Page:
Study 3 was conducted to answer the questions raised at the end of Study 1; that is, why are respondents elevating on scales designed to measure psychopathology, despite instructions to fake good, and what strategies were they using that might be contributing to these elevations? A sample of parents (n = 10) were administered the MCMI-III and required to answer out loud as if they were taking the test as part of a Family Court assessment and how they respond will help determine with whom the child/ren will reside. The participants were asked to report why they answered True or False to each item and how important it was to answer in that way. The data were explored both quantitatively and qualitatively. Results illustrated that participants used a variety of strategies ranging from a single theme of denial of perceived pathology to more sophisticated strategies by assessing each item carefully and even promoting minor negative attributes. Despite the faking good strategy adopted, most participants interpreted a number of items on the 4-Histrionic, 5-Narcissistic, and 7-Compulsive scales as positive attributes (mostly true-keyed items) that they willingly endorsed, at times rating it important to do so if one wants to look like a good parent. Participants answered False and rated it important to do so for most of the test items with the intention of hiding perceived pathology in line with the fake good instructions. However, by answering False, participants inadvertently scored heavily on these items across the 4-Histrionic, 5-Narcissistic, and 7-Compulsive scales given the disproportionately greater number of false-keyed items found on these three scales. Study 4 was developed after the completion of Studies 1 to 3 due to the release of the new Millon Clinical Multiaxial Inventory – fourth edition (MCMI-IV; Millon, Grossman, & Millon, 2015). The purpose of this exploratory analysis was to determine if the same issues revealed with the MCMI-III in high-stakes settings were still present in the revised edition. A replication of the Lenny and Dear (2009) study was undertaken. Lenny and Dear used the MCMI-III results from participants in a fake good parent condition and compared them against an Honest condition. The authors concluded that the normal quartet obtained by those in the Fake Good condition was more likely due to factors other than psychopathology. For Study 4, MCMI-IV results were obtained from 60 parents that were randomly assigned to either the Fake Good condition (n = 30) or the Honest condition (n = 30). The Honest condition participants were asked to answer the test in an honest manner and their final BR results were compared to that of the Fake Good condition participants. The Fake Good participants were required to answer the test items as if they were undertaking a Family Court assessment and that how they answer will help determine with whom the child/ren will reside. A normal quartet was still present in the Fake Good condition but now comprised BR score elevations on the revised Y-Desirability, 4A-Histrionic, 7-Compulsive scales, the new 4B-Turbulent scale and with most other scales very low. A borderline subclinical elevation on the 5-Narcissistic scale was also obtained, which was an improvement from the MCMI-III results. The new 4B-Turbulent scale was clinically elevated when participants attempted to fake good on the MCMI-IV and in this study was the highest elevation of a normal quartet.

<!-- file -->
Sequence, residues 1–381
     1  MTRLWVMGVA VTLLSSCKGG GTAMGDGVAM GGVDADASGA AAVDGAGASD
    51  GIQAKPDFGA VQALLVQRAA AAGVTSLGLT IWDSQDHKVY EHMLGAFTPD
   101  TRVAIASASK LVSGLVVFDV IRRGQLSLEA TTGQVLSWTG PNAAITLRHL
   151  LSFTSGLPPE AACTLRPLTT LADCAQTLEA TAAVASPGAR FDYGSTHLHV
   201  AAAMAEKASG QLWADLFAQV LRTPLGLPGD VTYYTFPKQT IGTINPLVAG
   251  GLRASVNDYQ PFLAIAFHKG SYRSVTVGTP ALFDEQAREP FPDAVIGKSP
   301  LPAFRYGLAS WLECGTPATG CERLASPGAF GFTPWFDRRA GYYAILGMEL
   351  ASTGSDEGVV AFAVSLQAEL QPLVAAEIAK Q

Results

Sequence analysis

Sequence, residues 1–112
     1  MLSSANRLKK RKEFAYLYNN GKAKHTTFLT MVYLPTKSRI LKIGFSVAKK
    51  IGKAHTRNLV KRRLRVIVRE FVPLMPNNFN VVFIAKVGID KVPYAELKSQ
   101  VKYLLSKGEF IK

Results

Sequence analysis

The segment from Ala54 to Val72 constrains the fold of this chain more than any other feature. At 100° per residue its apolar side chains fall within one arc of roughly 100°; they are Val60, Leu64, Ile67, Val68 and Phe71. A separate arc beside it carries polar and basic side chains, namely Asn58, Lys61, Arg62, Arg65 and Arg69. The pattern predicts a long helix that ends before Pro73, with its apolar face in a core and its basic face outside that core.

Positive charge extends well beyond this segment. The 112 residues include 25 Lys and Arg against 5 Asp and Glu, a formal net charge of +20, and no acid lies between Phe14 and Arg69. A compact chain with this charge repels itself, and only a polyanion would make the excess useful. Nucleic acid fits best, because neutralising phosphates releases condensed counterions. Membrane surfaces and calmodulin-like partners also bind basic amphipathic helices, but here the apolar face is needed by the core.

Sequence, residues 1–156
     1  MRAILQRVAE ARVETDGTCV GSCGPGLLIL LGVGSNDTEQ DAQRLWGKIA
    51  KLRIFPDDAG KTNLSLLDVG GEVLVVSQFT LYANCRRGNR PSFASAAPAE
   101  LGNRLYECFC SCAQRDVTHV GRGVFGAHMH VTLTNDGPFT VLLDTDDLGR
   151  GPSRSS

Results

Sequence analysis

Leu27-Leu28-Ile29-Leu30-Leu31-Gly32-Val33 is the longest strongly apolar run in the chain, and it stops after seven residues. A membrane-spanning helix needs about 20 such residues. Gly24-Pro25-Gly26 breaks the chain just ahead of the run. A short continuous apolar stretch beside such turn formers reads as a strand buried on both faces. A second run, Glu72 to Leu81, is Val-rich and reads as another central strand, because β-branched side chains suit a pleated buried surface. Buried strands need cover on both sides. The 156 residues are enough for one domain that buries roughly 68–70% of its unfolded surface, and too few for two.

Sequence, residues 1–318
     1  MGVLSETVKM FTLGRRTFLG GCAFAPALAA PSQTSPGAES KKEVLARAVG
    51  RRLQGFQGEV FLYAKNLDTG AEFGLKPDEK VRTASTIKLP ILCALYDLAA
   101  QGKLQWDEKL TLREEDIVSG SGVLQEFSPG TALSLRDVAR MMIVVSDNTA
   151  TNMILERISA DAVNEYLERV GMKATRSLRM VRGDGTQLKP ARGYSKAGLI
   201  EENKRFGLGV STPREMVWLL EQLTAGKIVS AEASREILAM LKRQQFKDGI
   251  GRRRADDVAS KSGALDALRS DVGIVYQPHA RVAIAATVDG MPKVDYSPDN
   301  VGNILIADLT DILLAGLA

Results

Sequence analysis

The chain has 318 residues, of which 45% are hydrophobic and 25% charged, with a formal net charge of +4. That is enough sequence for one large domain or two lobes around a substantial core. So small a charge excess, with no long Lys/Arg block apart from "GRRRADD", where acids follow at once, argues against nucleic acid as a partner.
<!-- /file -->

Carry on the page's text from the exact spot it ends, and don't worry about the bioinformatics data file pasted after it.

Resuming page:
The most important findings from the four studies in this research project were (1) that the normal quartet elevations were likely due to psychometric issues with the test design combined with the way respondents interpreted items when instructed to fake good on both the MCMI-III and MCMI-IV; (2) elevations on the MCMI-III were directly linked to participants actively endorsing items they misperceived as positive attributes, particularly on true-keyed items, and attempting to deny or hide perceived pathology but inadvertently scoring on the false-keyed items; and (3) when using the MCMI-IV, the BR score profile will likely be similar to that of the MCMI-III in genuine high-stakes settings, such as child custody evaluations, with the addition of an elevated 4B-Turbulent scale. Qualitative findings from Study 3 with the MCMI-III are likely to be transferable to the MCMI-IV and explain the significant elevations on the equivalent scales and new scale that was seen in Study 4. Given the significant BR score elevations on both the MCMI-III and MCMI-IV in simulated high stakes contexts, which closely resemble results from real-world examples, serious caution is warranted when using either edition in high stake contexts. The final conclusion from this research project is that the MCMI-III and MCMI-IV should not be used in high-stakes settings until further research is conducted.